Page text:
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I’ve been wondering about a question related to giving money. I feel such a strong social taboo against giving money to people asking for it on the street that I typically don’t do it, but I also know that those individuals are no less deserving of support than others. Is there a difference between giving cash on the street or the subway, and giving to mutual aid groups or to individuals online? With limited funds to donate, how can I think about where to give that serves to build solidarity and community? How can I respond to people asking for money in a compassionate and respectful way?

Great question. We strongly believe that directly supporting someone in need is the most equitable way to give. 

There’s definitely a strong social taboo against supporting unhoused people (and legislation that makes it illegal in some parts of the country). Such anti-homeless legislation and inhumane initiatives—backed and supported by commercial businesses and real estate developers who have a vested interest in unhoused people being unseen and dehumanized—are at the core of why it feels taboo to support unhoused people directly. It feeds into the stereotypes that portray those experiencing homelessness as being dangerous or irresponsible, making it harder for folks to receive the necessary help from their communities. 

But if you want to support a person immediately and have the means to do so, giving them cash is the way to go. 

The difference between donating to someone on the streets rather than someone crowdfunding online is that the latter has to detail the “financial, physical, and emotional” problems they’re facing with photos and videos to try and gain sympathy and support. Neither is more worthy than the other, but they both stem from this country’s crushing economic and societal failures that require people to rely on the sympathy of others in order to survive.  

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Mutual aid groups and other individuals or grassroot organizations raising money for causes are also a great bet. They’re usually giving those funds back directly to people anyway or offering similar direct support like distributing food or offering transportation. I wouldn’t say they’re “better” than giving to a person, but they’re a great way to support people directly if you’re not in proximity to someone with cash on hand. It’s also important to support mutual aid in advance of a pending catastrophe or challenge your community might face so they can be there when it’s urgent, even if you can’t.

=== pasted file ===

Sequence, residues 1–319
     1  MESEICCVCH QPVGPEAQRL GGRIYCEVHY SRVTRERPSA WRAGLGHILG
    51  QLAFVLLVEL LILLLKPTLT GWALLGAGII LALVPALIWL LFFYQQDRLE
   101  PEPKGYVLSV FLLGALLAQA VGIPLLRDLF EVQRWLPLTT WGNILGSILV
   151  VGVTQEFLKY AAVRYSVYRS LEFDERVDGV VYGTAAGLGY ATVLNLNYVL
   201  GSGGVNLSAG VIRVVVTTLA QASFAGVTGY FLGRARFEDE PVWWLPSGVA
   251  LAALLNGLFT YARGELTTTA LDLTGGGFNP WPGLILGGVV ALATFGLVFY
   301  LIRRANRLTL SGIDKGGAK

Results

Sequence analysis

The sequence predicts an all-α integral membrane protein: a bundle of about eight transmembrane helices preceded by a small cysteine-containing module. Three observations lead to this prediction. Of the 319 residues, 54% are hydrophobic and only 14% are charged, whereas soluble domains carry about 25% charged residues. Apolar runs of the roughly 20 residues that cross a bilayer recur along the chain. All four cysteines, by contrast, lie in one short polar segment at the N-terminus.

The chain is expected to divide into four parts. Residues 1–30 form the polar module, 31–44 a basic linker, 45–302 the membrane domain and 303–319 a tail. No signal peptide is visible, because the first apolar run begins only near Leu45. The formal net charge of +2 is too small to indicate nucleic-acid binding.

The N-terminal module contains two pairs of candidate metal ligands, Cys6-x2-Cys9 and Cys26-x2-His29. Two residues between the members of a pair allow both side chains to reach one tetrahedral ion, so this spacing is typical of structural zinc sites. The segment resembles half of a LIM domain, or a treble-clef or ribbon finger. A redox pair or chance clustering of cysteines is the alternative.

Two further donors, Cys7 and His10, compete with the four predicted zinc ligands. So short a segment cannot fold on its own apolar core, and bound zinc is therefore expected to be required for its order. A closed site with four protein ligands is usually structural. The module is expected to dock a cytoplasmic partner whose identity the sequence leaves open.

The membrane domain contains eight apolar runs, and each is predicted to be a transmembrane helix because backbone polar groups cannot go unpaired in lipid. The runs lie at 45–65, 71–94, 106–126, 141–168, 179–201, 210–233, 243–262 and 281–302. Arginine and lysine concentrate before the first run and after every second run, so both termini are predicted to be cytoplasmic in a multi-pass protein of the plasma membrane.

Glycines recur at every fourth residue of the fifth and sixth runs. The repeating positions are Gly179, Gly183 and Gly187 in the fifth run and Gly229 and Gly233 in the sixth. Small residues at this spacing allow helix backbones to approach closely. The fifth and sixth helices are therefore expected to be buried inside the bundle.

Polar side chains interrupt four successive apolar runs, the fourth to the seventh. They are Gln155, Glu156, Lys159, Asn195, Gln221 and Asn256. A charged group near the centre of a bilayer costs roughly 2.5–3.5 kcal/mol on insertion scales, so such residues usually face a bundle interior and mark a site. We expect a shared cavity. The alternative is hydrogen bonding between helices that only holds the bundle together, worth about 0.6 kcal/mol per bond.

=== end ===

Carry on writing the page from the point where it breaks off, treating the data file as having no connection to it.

If you’re struggling with what best serves the community, then reach out and speak to the community. Knowing where your financial and physical support is best suited requires being active and engaged within your community, including with our unhoused members. It’s then that you begin to know where that need lies and how you can do the most good, even when you feel you have so little to offer. 

If you don’t have money to give to someone asking in a moment, don’t shy away from the opportunity to acknowledge them with a response. Compassion can’t compensate for cash, but it goes further than you may realize.


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Felecia Phillips Ollie DD (h.c.) is the inspiring leader and founder of The Equality Network LLC (TEN). With a background in coaching, travel, and a career in news, Felecia brings a unique perspective to promoting diversity and inclusion. Holding a Bachelor's Degree in English/Communications, she is passionate about creating a more inclusive future. From graduating from Mississippi Valley State University to leading initiatives like the Washington State Department of Ecology’s Equal Employment Opportunity Program, Felecia is dedicated to making a positive impact. Join her journey on our blog as she shares insights and leads the charge for equity through The Equality Network.

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